Smiling with beatific rapture and throwing his arms wide open like a man here to save souls, Jonathan Donahue swigs red wine from a bottle as he arrives on a stage lit by candles.
It's not that unusual: Tom Jones goes back to the roots
The writer, rock journalist, broadcaster and wine expert, Robert Sandall, died on Tuesday morning, 20 July, aged 58, after a long battle with cancer. For many years he was the rock critic at The Sunday Times, and then wrote more generally for the Culture section, where he flourished until the very end of his life. Only a month ago, despite being in severe pain and aware of the limited time he had left, he turned in a polished and imaginative review of a film about the Doors full of the wit and observation for which he was known. He also wrote for Q magazine, Mojo, Rolling Stone and The Word.
'Kenny Aronoff is a powerful, powerful drummer'
Yeasayer's second album starts by trying to scare the living hell out of you, then spends the rest of its time putting a comforting arm around your shoulder.
When Flowered Up formed on a Camden council estate in 1989, they didn't seem to have much of an agenda beyond "a few good gigs and some laughs", as their lead vocalist Liam Maher put it two years later. Yet the London band managed to encapsulate the hedonistic spirit of the acid house generation to perfection in 1992 with the 13-minute epic "Weekender", their sole Top 20 entry. That year, they appeared at two Madstock events in London's Finsbury Park but the New Musical Express chose to sensationalise Morrissey's antics with a Union Jack on the first day rather than draw the obvious parallels between Ian Dury and the Blockheads, also on the bill, and Madness, the headliners, and Flowered Up, then the latest in a direct line of culturally significant groups from the capital.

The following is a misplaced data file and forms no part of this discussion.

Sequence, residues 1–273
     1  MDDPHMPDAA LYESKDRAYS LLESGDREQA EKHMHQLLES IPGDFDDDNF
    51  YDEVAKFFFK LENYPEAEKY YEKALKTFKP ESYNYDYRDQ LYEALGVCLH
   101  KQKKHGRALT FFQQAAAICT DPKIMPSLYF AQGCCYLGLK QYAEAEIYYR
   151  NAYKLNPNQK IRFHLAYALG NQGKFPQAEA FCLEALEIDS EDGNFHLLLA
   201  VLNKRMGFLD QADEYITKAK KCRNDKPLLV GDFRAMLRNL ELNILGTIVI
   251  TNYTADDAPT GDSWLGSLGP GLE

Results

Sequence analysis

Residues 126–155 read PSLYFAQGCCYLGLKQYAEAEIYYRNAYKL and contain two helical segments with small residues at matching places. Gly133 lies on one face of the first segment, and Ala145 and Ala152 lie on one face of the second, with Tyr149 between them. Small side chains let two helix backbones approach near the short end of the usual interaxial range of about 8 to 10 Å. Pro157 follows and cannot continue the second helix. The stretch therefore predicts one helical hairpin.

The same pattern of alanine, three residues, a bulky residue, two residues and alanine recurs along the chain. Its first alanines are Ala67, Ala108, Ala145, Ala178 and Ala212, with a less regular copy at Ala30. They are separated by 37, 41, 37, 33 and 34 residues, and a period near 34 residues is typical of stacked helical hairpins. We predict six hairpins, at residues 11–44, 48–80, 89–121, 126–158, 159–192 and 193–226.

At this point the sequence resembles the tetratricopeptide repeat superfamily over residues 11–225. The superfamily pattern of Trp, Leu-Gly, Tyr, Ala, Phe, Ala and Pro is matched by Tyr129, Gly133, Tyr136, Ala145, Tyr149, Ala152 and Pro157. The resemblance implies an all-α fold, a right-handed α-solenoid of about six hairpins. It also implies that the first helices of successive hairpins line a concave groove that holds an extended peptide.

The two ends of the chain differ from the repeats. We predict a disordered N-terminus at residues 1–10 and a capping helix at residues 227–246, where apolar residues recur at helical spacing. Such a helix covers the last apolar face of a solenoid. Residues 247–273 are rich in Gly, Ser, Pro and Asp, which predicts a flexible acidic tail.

Scottish chamber-folk artist Jo Hamilton spent a peripatetic childhood shuttling around the Middle East, Cambodia and Sri Lanka, during which time she clearly soaked up a range of musical influences.
When American showbiz lawyer Steven Machat entered the family business, he dealt with Michael Jackson, James Brown, Sam Cooke and many more. In this exclusive extract from his memoir he gives some of his recollections
Britain's best world music festival takes place this month – and we've got 50 pairs of tickets to give away. Sound good? Then tackle our quiz...
Nine Lives continues in the vein of 2003's About Time, with Steve Winwood still mining a catalogue of bland homilies regarding such things as hope, faith and persistence for songs such as "I'm Not Drowning", "Fly" and "We're All Looking".
More happily, the album also extends his association with the jazz guitarist José Pires de Almeida Neto, whose neat, interior-sprung figures furnish the hooks to many of these songs, lending a cyclical, desert-blues feel to "I'm Not Drowning", a Pablo-style soukous tinge to "Hungry Man", and a samba-pop flavour to "Secrets" and "At Times We Do Forget". Lyrically, Winwood is more effective on the dystopian social unease in pieces such as "Hungry Man" and "Dirty City", but the album's too awash in new-age blather: the effect is to skew the arrangements too much towards dinner-party blue-eyed soul, somewhere between Peter Gabriel and Phil Collins, particularly when the flimsy, fusion-lite sax appears. He can still deliver even the limpest of lines with compelling conviction, for all that.
Here Is What Is is the soundtrack to a documentary in which the acclaimed producer of Dylan, U2 and Peter Gabriel tries to reveal “the source of the art, rather than everything that surrounds the art” – an impossible task, but one he comes close to fulfilling at various points here, most notably in enabling “Lovechild” to blossom into a complete song from the initial root of Garth Hudson’s piano improvisation.
Peter Gabriel has one in his studio. Bjork takes hers on tour. But what exactly is it? Tim Walker gets to grips with the radical new instrument that's part digital sampler, part light-show – and part toy